In exceptional circumstances, the Contract Manager may be able to grant additional NMS to address emergency situations.

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Legal aid in welfare benefits cases

Our thanks to Nick Whittingham for drawing to our attention a case involving Kirklees Law Centre, which was refused legal aid to appear at an oral hearing of the Upper Tribunal in a welfare benefits case. It continued to represent the appellant pro bono, as did counsel Tom Royston. The decision is reported at JC v Secretary of State for Work and Pensions (ESA) (Employment and support allowance : Post 28.3.11. WCA activity 16: coping with social engagement) [2014] UKUT 352 (AAC)

In a three judge decision – the panel including Charles J, the Upper Tribunal president and a First Tier Tribunal president – the Tribunal regretted the refusal of legal aid and set out a series of factors it invited the LAA to take into account when considering future applications (see para 63):

More generally we take this opportunity to invite the Legal Aid Agency in other cases where a three judge panel of the Upper Tribunal (AAC) has been convened to hear an appeal to take account of  the following:

i)                 Paragraph 3(a) of the Senior President’s Practice Direction relating to the composition of that tribunal and thus the reasons why the Senior President or the Chamber President can direct a three judge panel.  They are that: “… the matter involves a question of law of special difficulty or an important point of principle or practice, or that it is otherwise appropriate …” for there to be a three judge panel.

ii)                These directions are not made lightly.  When they are the legal issues involved will be of that nature, the appeals will involve individuals and the Secretary of State and decision making will be greatly assisted by written and oral argument.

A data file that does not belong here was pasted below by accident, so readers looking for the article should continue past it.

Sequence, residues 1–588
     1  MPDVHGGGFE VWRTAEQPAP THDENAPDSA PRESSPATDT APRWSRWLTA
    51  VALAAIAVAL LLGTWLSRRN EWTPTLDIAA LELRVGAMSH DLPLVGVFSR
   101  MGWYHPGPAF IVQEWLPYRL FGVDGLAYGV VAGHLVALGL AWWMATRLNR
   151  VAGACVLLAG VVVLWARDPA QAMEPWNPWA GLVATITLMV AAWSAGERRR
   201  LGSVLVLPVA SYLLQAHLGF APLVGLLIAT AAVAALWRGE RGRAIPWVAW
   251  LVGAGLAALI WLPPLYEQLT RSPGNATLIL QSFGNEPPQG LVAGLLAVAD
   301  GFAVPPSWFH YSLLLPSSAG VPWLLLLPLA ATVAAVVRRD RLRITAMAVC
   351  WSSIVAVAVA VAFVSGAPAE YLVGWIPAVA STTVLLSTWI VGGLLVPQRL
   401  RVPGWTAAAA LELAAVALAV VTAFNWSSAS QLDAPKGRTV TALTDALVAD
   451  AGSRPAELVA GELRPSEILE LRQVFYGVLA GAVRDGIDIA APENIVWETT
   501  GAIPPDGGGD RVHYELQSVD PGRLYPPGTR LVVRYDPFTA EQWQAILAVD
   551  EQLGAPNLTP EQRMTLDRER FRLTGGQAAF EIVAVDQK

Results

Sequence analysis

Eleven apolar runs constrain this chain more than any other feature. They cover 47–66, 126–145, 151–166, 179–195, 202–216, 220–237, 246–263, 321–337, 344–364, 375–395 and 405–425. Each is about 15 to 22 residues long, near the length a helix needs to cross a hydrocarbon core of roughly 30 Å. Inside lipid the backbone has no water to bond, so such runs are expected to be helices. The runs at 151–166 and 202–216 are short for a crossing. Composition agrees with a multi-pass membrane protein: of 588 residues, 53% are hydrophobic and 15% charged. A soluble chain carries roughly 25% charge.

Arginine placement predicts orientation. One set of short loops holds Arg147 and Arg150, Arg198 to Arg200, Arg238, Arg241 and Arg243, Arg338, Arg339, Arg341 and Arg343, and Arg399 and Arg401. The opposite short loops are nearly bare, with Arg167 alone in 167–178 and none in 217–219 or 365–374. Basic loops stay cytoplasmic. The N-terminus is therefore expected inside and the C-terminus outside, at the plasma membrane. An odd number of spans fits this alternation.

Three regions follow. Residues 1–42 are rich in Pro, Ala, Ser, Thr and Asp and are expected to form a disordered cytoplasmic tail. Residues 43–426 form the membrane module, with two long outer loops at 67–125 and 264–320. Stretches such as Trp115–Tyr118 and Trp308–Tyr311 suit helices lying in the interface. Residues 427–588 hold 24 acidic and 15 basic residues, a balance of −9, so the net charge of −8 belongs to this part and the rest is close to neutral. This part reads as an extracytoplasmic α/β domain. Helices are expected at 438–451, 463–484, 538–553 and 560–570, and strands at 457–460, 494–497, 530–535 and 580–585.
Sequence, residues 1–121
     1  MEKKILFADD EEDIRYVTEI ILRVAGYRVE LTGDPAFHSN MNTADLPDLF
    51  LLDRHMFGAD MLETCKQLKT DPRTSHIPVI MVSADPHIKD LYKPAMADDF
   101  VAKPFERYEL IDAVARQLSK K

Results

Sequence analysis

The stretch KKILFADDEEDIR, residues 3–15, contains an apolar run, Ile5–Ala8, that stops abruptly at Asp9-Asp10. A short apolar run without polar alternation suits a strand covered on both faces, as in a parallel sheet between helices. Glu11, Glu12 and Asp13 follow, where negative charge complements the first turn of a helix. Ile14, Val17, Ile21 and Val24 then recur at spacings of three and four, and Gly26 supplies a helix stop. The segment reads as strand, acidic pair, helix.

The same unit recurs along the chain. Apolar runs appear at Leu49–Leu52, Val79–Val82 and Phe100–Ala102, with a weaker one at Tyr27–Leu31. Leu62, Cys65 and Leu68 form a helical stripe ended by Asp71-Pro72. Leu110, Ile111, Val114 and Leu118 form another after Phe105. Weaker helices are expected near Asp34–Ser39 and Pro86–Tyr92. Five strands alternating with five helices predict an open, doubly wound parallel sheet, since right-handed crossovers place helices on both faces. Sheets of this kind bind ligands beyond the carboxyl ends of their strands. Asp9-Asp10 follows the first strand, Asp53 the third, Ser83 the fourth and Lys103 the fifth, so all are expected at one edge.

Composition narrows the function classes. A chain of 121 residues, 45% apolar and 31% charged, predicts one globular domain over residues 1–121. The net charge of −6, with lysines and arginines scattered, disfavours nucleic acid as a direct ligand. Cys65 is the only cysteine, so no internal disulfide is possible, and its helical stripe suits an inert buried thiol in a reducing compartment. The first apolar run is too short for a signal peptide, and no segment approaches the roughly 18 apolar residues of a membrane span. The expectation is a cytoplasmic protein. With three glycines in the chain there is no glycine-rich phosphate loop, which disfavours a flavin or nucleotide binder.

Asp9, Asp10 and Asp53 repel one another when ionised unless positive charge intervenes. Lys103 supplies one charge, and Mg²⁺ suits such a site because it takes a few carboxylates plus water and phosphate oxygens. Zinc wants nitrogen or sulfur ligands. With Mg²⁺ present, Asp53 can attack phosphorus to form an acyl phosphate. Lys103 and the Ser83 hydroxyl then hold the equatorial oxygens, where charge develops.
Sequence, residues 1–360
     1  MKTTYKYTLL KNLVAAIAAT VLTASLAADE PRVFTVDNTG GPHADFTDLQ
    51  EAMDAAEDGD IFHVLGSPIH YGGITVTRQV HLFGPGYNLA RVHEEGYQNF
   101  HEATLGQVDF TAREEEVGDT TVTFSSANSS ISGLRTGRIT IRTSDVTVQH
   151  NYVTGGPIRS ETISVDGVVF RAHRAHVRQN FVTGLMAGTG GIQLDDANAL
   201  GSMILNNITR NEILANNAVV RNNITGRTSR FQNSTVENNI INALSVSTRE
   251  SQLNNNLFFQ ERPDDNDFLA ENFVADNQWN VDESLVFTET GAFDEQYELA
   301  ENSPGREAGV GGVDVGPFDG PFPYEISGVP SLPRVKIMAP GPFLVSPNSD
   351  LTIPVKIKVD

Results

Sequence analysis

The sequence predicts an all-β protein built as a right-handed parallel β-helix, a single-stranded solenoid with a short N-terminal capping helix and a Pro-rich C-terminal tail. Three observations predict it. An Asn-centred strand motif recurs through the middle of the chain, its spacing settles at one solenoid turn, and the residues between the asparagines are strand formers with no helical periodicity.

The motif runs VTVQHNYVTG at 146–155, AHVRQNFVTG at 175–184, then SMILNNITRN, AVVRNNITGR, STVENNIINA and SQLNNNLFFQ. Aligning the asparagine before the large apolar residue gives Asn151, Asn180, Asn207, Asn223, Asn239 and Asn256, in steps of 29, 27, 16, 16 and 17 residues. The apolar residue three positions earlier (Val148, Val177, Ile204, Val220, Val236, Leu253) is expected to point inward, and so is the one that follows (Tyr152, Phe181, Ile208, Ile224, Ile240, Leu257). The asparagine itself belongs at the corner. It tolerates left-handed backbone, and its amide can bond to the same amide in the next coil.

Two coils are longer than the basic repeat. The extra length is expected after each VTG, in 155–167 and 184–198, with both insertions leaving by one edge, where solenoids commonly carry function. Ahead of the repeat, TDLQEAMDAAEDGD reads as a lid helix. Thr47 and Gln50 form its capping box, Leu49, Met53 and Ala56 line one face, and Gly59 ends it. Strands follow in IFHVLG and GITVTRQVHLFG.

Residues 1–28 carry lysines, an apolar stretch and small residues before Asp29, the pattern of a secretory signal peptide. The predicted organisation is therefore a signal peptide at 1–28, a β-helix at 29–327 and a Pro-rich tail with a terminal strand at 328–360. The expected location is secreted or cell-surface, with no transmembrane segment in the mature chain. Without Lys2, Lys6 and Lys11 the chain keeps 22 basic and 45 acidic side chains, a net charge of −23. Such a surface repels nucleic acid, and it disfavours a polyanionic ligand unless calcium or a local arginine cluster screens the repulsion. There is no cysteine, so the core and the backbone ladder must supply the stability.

iii)               The role of the Upper Tribunal (AAC) in setting precedent and thus consistency of decision making by First-tier Tribunals in respect of claims for benefits, and thus the wide impact of its decisions on cases heard by First-tier Tribunals.

iv)               The great advantage of resolving differences between decisions of single Upper Tribunal judges by a decision of a three judge panel.  This is based on the long standing practice that three judge panel decisions will be followed by both the Upper Tribunal and the First-tier Tribunal.  That practice avoids the need for such differences between single judges to be determined by the Court of Appeal and so greatly reduces the number of appeals to that court.

v)                The fact that the above points indicate that the grant of legal aid in cases to be heard by a three judge panel is likely to be of great assistance to the Upper Tribunal in resolving difficult and important issues of law that, subject to further appeal to the Court of Appeal, will create precedent and thereby assist in the correct determination of a large number of other cases by the Department and First-tier Tribunals.

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Legal aid – tell the NAO what you think but be quick

The National Audit Office is currently undertaking a study into whether the government’s civil legal aid reforms can be considered to represent value for money. The report will go to the respected Public Accounts Committee later this year. The NAO says that the views of the providers of legal aid services will form an important part of the study.

It is seeking your views through a short online survey, which will close on Friday 25th July 2014. It should take 15-20 minutes to complete and all responses will remain strictly anonymous. You can find the survey here.

UPDATE: The closing date has been extended to 1st August.